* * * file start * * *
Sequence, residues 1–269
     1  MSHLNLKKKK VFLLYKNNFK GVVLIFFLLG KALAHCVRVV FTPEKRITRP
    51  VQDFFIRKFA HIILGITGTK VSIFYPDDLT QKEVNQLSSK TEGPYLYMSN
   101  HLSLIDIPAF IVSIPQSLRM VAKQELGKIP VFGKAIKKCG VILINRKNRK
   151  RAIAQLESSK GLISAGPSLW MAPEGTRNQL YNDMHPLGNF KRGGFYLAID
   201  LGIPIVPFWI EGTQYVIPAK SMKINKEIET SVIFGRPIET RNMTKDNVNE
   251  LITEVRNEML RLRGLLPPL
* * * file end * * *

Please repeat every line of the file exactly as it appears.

Sequence, residues 1–269
     1  MSHLNLKKKK VFLLYKNNFK GVVLIFFLLG KALAHCVRVV FTPEKRITRP
    51  VQDFFIRKFA HIILGITGTK VSIFYPDDLT QKEVNQLSSK TEGPYLYMSN
   101  HLSLIDIPAF IVSIPQSLRM VAKQELGKIP VFGKAIKKCG VILINRKNRK
   151  RAIAQLESSK GLISAGPSLW MAPEGTRNQL YNDMHPLGNF KRGGFYLAID
   201  LGIPIVPFWI EGTQYVIPAK SMKINKEIET SVIFGRPIET RNMTKDNVNE
   251  LITEVRNEML RLRGLLPPL